20 Ways to light your front door

Bright color and flowers say "Welcome". The wall lantern is a perfect fit.Lovely entrance with

That bright red door and the bold flowers cry a cheerful “Welcome”.
The wall lantern fits the architectural design well, but two of them flanking the door would add symmetry and a more even light distribution.


Generally we recommend lights on either side of a door,  but this front door is just so charming that this faux-pas is easily overlooked. I’d just change out the glass in the lantern for water glass or a more opaque glass that obscures the bulb and/or use a nostalgic clear filament bulb , now also available as LED.
(But what is with the manhole cover collecting leaves at the door step?) Details, details…

Large-Pendant-LightOne can only hope that it’s the angle this beautiful front door was photographed at. That pendant light looks overwhelming!

Small-Mission-Style-sconceBe bold, my friend! That little Mission Style sconce really doesn’t cut it! The scale of the pendant light is more like it!
Rule of thumb: If you have just one wall light on one side of the door its height can be up to 1/3 of the height of the door. If you have two of them flanking the door, its 1/4 of the height.
Front-Porch-no-LightsThis front porch is so inviting, but I see no wall lights, so the lighting must be coming from above.
Not ideal, since it creates the dreaded “flashlight-under-the-chin effect” that makes everyone over 12 years look old at the flick of a switch.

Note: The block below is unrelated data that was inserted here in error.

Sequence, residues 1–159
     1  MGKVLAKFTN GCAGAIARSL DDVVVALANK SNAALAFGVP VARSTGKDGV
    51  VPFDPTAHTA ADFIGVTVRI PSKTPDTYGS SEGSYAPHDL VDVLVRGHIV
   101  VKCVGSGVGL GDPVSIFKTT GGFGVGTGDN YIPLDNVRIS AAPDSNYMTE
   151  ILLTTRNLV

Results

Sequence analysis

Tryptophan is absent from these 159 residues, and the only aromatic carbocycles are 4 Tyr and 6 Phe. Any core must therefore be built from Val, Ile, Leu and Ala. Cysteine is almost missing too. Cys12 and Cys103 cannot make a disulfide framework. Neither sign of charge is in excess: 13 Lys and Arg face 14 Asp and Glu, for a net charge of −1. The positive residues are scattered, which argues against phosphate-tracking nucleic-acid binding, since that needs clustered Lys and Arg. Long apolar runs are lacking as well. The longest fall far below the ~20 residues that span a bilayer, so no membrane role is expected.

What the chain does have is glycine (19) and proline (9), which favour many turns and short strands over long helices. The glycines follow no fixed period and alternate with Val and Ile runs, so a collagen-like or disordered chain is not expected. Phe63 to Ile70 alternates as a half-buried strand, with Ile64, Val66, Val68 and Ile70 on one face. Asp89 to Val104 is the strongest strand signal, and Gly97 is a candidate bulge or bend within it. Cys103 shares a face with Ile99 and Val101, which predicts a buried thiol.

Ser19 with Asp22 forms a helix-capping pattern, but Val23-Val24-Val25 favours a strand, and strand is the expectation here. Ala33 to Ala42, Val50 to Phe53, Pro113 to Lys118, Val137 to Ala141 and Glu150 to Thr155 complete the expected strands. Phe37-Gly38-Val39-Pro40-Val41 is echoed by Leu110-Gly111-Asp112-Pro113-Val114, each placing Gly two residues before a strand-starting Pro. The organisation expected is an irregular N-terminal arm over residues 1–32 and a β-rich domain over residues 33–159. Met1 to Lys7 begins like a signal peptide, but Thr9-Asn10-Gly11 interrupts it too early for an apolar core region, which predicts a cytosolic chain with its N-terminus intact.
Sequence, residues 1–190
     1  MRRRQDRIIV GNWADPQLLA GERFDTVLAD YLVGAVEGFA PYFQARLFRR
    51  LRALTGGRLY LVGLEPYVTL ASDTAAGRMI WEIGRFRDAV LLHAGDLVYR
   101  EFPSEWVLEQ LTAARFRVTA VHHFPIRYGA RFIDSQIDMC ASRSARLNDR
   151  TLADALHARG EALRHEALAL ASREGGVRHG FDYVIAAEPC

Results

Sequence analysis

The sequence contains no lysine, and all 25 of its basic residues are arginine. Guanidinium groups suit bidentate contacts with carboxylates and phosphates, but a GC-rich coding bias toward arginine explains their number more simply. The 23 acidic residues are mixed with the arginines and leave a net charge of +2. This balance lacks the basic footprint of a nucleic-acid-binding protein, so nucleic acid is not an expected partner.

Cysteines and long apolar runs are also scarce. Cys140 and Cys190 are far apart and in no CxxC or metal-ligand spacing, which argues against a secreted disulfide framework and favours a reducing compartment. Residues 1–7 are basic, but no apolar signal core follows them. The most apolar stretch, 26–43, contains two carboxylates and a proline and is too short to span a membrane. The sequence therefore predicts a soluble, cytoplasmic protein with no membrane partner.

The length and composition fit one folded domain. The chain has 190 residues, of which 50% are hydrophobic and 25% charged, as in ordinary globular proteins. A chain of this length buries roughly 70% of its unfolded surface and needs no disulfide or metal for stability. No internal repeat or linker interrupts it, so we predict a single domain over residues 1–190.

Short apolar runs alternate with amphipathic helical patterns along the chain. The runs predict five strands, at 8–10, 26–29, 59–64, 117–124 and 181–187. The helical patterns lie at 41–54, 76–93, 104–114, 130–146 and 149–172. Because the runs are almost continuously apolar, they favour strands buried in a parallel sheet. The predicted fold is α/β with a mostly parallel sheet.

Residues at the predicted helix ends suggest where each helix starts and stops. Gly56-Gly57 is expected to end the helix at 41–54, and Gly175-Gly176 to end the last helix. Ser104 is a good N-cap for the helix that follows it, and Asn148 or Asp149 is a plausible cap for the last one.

Spectacular entrance to a beautiful contemporary dwelling. The two wall lights add drama and provide light for the entrance. The recessed light above the door fits the minimalist design, but unfortunately, just like the example above)  also adds harsh facial shadows to anyone entering.

White-Walls-with-Carriage-LanternsJust wanted to add this for good measure: Nice choice of the lanterns both regarding design and scale.

Warehouse-shadeI don’t quite know why, but there is just something about the good old industrial warehouse fixtures that is intriguing to me.


The little decorative ceramic light over the door probably doesn’t shed a lot of light, but with that abundance of color – I could live with it and carry a flashlight.


The light does look like a shower head, but I’m still in awe with the boldness of this color combination.

Red Barn Lights

Love the red barn and the crisp white barn doors, but would have preferred to see traditional barn lights.
These contemporary sconces (nothing wrong with them per se) are hung too high. As a rule of thumb, outdoor sconces or lanterns should be mounted with the center of the light source about 5’6” to 6’ from the ground and 8’ – 10’ apart.

Let-Your-Outdoor-Lighting-Set-the-Stage-14Am I repeating myself? – Recessed lights look nice and minimal from a design perspective, but the lighting itself is is unflattering and harsh, since it is directional, shining down illuminating everyone from above.

Lanterns flanking a front door - traditional and beautiful

Nice! This is how it is done!

Welcome-homeWho looks at the lighting when you have this guy welcoming you home? But FYI: even that is perfect.

Sconces should not be too smallOne of the most common mistakes we see are outdoor sconces that are too small. Be bold!!

Contemporary entranceWell lit contemporary entrance.

Yellow-Front-PorchSoooo inviting in spite of the undersized wall light. Sigh!

Oh-WellOh well! No comment.

rock-wallGorgeous stonework, undersized wall light way too high over the door.


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